This is really interesting. Forget the results for the rest of the world. Let's just look at those for Britain. 70% of us think our elections are "free and fair" but 66% of us think our government does not rule according to the will of the people. The BBC commentator seems to think that's a contradiction, but it's not. I am sure that both opinions are correct.
I assume the 30% of voters who DON'T think our elections are free and fair take the view that the failure of the government to respect the people's will implies there's something wrong with the electoral system. They may think that an alternative to our "first past the post, winner takes all" system would somehow identify better specimens of that class of people who are attracted to politics. Or they may more reasonably think that some kind of proportional representation would inhibit radicals from making dramatic changes by creating a need for ever-shifting coalitions. Certainly this last possibility is attractive in current circumstances, with civil liberties disappearing in double time under an unprincipled government with no respect for individual rights.
I like our electoral system, precisely because it provides a clear result. I have always compared it to a steering a tank. You don't have a steering wheel, but two levers, marked "left" and "right". By pushing one or the other every four or five years you can ensure that, over your lifetime, successive governments take more or less a reasonable direction. During the Thatcher, Major and Blair governments however (i.e. all my adult life) it has not worked. As a student politician, leading my university's Conservatives, I remember telling the leader of the Labour students that his party was betraying the nation by failing to provide an electable alternative to the then invincible Tories. Now I feel the Tories are betraying the nation by doing exactly the same. For most of our democracy's history, HM Opposition functioned as, in some ways, the most important part of the system - challenging what the government did and exposing incompetence or corruption. Prime Minister's Question Time was the very symbol of our feisty and aggressive democracy, and the Leader of the Opposition was never out of the public eye. Now the Opposition sulks in its tents with its spin doctors, or wastes what public interest there may be in its actions by bickering its way through endless, pointless leadership contests between equally useless contenders.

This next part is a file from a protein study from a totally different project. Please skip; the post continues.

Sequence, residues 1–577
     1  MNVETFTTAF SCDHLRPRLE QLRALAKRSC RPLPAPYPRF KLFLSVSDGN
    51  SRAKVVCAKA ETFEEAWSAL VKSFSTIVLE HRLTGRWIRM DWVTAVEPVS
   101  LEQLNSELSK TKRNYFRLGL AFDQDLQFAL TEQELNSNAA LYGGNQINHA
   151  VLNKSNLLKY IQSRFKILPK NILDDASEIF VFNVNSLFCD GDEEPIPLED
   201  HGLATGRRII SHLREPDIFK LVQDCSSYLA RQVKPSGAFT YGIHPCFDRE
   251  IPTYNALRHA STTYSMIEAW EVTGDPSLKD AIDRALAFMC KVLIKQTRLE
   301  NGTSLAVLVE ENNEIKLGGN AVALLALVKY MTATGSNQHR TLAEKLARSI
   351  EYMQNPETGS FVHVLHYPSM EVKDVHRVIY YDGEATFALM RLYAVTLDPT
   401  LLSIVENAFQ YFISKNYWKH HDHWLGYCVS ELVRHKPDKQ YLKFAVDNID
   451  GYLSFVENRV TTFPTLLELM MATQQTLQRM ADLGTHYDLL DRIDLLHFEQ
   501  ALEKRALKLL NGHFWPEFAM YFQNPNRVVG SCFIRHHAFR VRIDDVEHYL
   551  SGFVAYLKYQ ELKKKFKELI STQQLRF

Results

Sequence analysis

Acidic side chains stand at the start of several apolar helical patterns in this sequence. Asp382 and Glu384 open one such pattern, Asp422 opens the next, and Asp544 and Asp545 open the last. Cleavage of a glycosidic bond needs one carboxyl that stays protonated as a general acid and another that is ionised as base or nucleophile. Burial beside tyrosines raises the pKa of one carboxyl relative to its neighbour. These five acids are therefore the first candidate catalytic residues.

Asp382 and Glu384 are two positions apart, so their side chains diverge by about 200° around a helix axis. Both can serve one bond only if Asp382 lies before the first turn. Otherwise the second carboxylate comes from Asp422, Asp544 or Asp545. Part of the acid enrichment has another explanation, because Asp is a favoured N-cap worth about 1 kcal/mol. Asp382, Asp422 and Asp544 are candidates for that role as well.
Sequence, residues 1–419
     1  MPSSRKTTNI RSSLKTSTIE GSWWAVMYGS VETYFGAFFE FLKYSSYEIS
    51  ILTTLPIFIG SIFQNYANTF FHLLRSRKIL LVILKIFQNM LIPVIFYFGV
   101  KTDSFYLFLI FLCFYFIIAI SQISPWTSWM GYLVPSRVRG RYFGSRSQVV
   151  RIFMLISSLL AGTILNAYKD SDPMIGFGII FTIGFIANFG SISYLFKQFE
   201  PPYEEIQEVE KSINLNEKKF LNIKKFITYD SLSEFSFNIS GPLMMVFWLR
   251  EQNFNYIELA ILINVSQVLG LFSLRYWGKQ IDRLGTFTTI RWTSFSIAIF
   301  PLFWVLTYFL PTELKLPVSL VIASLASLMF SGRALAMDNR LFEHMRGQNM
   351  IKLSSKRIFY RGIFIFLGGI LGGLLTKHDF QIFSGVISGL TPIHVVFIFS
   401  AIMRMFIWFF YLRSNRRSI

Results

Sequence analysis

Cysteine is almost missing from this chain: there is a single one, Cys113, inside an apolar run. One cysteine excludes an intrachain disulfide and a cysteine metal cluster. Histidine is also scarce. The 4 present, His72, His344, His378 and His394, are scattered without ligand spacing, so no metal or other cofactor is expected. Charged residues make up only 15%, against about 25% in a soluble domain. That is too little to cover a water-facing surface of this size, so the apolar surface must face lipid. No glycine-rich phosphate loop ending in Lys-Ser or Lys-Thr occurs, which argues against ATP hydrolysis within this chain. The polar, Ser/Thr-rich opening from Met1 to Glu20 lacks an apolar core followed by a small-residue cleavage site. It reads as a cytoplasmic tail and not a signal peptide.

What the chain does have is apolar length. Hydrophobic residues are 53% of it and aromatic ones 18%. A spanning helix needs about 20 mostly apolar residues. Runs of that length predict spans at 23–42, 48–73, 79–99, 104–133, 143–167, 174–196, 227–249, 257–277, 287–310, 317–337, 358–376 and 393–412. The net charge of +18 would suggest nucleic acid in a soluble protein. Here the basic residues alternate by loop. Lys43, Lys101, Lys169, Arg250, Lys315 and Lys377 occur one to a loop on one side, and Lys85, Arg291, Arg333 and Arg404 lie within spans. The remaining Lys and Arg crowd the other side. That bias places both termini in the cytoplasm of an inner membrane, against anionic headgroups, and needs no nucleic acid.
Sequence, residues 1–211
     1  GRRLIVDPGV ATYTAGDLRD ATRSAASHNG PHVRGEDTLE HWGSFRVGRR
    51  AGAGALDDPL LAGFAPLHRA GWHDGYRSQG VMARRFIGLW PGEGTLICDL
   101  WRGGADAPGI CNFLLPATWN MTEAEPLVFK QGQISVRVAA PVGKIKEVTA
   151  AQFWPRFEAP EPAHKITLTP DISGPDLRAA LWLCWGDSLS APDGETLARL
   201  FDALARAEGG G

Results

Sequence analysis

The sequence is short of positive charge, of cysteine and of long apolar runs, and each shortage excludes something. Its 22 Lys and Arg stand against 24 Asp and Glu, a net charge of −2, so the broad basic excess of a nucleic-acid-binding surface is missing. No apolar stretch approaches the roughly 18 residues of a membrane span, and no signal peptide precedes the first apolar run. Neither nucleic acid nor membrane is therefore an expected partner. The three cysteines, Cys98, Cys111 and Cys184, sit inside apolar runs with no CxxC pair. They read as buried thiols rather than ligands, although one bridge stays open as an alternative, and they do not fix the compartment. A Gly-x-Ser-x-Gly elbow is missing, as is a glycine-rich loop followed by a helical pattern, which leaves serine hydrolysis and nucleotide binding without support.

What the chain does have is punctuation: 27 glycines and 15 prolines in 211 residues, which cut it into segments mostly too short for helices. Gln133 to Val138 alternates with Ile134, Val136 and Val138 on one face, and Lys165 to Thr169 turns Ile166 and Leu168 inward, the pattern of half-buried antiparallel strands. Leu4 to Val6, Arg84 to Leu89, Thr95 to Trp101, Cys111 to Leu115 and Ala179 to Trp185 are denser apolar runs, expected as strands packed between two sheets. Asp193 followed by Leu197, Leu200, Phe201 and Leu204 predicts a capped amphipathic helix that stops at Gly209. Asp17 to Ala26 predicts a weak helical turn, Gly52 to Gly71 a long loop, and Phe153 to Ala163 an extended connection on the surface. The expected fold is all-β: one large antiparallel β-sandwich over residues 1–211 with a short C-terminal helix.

Disraeli famously remarked to a dissident, "...damn your principles, stick to your party...". For generations we could smile at that, precisely because our Parliamentarians were a famously bolshy, independent-minded bunch. Sir Gerald Nabarro or Alan Clark might suck up to the leader (or an anticipated replacement leader) for immediate political benefit, but in their hearts they marched to their own drums. Now we have craven, grey, professional parliamentarians who follow Disraeli's injunction to the letter. One reason they are so craven is because they are rarely financially independent. I would like to retire at 55 and dedicate 10 or more years of my life to politics - to put something back and give some public service. No party will currently take candidates over 40 however. Why? Because they would not as easily submit to the party whips. As mature, financially-independent politicians, they might actually follow their consciences. That's not acceptable to party leaders, to whom their parliamentary parties are mere armies to be marshalled.
In a Parliamentary democracy with no written constitution to protect individual rights, we rely entirely on Parliament. Our consitution can be summed up in three words; "Parliament is sovereign". If Parliament wanted a final solution to the Muslim problem, for example, there is nothing in our system to stop it ordering the construction of gas chambers. If a future Parliament with a Muslim majority wanted a final solution to the kaffir problem, it could do it.
The "separation of powers" between Executive (PM and Cabinet), Judiciary (the courts) and Legislature (Parliament), requires Parliament to make the law, the government to implement it and the courts to interpret it. Our system currently uses Parliament only as a pool of "talent" to staff a Cabinet which then, through the "whips", exercises ruthless discipline over the rejects. The Executive makes the law. Our judiciary implements it (to my personal knowledge, often with a heavy heart) because it has no significant role of constitutional oversight.
Without an independent Parliament, we are always going to have the present unhappy circumstances. The Whips are the problem. The Parties are the problem. The people are the problem for sticking to their historic parties rather than running as independents or at least voting for them. Unless we can find a way to get better-quality people into Parliament and put the Executive back in its cage, any repetition of the BBC's interesting poll will produce the same result. More worryingly, if the Parties continue to see themselves as competing brands positioning themselves from day to day according to focus groups and opinion polls, rather than consistent political principles, our people may lose all confidence in democracy itself. Let's face it, that's already happening. Many of us don't vote, precisely because the "free and fair" result does NOT produce a government which will govern according to our will. In such circumstances, when economic circumstances don't keep us happy and relaxed, more and more of us will turn to political extremism.
BBC NEWS | World | Europe | Survey reveals global dissatisfaction